Investment 101 – A Basic Guide For Novice Investors

Thursday, November 22, 2012

Investing Defined

Investing means putting money to work to obtain additional income or profit. It is basically making money without having to work for it. With this, people can work for their employers, sleep, eat and do their daily activities while earning money at the same time.

There are many investment options available today. People may go for traditional methods such as putting their money in bonds, stocks, mutual funds and real estate.  Each of these investment vehicles has their own pros and cons. Whatever future investors choose, the main goal is to gain profit.

Before making a final decision, investors must understand clearly what their options are, how they work and the risks that come with them.

Importance of Investing

People invest in order to grow their money. With this, they are able to enhance their quality of life because they can afford the things they want and need, especially in later life after retirement. A good investment also increases their sense of security knowing that they have some money in store if they need it.

Types of Investments

Future investors should understand that their choice of investment vehicles is crucial.  They have to know what works best for them. The following are among the most popular investment options available today.


Bonds are categorized as fixed-income securities. Bond investors lend their money to the government or a company with the agreement that it will eventually be paid back along with interest.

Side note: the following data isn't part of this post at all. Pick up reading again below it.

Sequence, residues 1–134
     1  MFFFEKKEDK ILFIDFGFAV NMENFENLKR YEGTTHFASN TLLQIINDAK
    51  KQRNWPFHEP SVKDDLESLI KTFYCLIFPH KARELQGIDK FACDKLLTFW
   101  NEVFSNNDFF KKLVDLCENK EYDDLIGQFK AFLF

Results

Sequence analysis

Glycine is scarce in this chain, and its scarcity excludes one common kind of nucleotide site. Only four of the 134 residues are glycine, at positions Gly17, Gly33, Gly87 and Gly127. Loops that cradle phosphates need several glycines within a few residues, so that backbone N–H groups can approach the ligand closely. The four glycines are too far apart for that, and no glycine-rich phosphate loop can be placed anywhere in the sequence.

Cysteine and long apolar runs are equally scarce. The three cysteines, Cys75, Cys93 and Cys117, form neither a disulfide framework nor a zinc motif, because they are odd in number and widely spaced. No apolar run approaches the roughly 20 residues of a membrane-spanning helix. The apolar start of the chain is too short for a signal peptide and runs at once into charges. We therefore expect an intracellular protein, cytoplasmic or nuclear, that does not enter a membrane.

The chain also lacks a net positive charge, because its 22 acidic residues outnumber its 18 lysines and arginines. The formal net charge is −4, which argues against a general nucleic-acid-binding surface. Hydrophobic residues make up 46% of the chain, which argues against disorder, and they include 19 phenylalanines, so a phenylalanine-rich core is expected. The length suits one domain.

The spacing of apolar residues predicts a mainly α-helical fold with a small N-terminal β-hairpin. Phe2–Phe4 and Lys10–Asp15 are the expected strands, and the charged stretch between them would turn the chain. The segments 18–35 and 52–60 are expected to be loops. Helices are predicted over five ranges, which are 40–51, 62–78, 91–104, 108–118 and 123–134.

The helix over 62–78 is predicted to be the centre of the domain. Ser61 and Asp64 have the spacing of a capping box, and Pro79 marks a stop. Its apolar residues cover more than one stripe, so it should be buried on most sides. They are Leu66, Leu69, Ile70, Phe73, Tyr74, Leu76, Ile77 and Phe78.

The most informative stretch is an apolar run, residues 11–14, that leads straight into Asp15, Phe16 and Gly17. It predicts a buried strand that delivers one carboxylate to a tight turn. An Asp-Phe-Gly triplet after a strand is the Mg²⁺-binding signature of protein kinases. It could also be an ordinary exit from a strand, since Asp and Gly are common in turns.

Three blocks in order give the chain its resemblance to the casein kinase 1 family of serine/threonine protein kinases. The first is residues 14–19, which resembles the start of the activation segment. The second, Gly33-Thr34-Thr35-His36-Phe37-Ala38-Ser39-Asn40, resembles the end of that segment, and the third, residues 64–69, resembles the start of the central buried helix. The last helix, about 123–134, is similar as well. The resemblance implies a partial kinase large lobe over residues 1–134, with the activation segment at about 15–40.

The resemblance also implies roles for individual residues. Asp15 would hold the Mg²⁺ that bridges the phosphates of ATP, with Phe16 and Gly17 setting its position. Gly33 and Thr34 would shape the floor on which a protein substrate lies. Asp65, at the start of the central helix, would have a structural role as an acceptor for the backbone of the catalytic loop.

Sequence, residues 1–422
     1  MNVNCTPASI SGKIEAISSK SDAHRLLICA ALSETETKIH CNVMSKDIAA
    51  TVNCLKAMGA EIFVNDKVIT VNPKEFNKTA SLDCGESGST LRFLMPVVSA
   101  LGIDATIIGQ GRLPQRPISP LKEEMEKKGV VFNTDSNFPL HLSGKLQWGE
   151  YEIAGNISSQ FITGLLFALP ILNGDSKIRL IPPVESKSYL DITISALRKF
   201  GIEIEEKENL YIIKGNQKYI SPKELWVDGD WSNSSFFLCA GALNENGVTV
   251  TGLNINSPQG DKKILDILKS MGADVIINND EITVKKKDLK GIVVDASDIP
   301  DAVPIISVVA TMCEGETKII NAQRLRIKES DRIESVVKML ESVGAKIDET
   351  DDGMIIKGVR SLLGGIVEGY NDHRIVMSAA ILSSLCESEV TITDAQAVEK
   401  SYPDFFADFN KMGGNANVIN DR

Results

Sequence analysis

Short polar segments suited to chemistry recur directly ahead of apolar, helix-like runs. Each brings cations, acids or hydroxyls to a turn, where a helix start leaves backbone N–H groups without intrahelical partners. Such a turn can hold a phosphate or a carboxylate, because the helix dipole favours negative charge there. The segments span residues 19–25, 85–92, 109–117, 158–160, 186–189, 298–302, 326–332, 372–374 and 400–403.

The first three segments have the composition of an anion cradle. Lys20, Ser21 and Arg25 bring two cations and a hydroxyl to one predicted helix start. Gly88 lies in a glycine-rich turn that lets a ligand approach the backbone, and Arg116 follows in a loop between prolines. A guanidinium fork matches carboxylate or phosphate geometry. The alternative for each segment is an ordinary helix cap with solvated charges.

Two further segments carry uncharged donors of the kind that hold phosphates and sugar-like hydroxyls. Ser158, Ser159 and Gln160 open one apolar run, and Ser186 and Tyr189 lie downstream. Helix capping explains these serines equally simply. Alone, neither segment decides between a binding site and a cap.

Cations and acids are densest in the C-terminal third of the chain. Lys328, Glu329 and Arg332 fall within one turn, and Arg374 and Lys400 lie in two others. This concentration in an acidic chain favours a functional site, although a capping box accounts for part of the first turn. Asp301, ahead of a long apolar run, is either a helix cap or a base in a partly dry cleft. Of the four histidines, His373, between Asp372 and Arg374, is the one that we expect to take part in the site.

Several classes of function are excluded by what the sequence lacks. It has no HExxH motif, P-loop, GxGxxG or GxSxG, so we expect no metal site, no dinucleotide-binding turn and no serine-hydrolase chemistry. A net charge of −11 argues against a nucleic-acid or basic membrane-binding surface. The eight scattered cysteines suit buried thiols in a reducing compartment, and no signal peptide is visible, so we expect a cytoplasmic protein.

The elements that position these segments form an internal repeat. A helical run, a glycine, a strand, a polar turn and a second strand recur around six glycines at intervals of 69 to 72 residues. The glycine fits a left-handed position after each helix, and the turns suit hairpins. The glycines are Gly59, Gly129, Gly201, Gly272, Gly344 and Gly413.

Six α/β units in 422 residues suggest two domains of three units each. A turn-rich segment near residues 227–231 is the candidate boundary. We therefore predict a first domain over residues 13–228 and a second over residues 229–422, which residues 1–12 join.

The reason why many investors opt for bonds is that they are relatively safe. This is especially true when purchasing bonds from a stable government. The only risk that comes with bonds is the small potential return. Bonds typically have lower returns than other types of securities.

The following are the different types of bonds.

• Government Bonds
• Municipal Bonds
• Corporate Bonds
• Zero-Coupon Bonds

In order to determine the bond’s value, investors have to be aware of its basic features.

• Face Value

Par value or the face value is the amount of money that a bond holder claims when the investment matures. A bond being sold at a premium means it is traded at the price higher than its face value. Meanwhile, the bond being sold at a discount means it sells below its sale value.  It is important to understand that face value is not the bond’s price.

• Interest Rate or Coupon

The interest payment for bonds is referred to as interest rates or coupons. In the past, it was called coupons mainly because bond holders had to tear a physical coupon in order to redeem the interest. Today, they are stored electronically.

Most bondholders receive interest payments every six months whilst others get them every month, quarterly or yearly. A bond that pays 10 percent with a £1,000 par value means a holder receives £100 coupon or interest annually. The interest rate can either be a fixed-rate or a floating-rate bond.

• Maturity

The maturity date is the future date when the bond holder’s principal amount invested will be repaid.  Some bonds may mature in a day whilst some can take up to 30 years.

Generally, bonds that mature after many years are riskier but come with higher interest rates than those with a one-year maturity

• Issuer

When purchasing a bond, potential investors have to give more attention to the issuer as it is the most important factor when making a decision. The bond issuer’s stability determines their capability to pay the money back. Government bonds are more stable and secure than those from private corporations. This is because governments have the resources to pay back the investors through taxation.


Investing in stocks is a lot riskier than bonds. However, it can provide potentially high returns. Purchasing stocks means becoming a part owner of a business. The stock holder can participate in the shareholder’s decision making and meetings.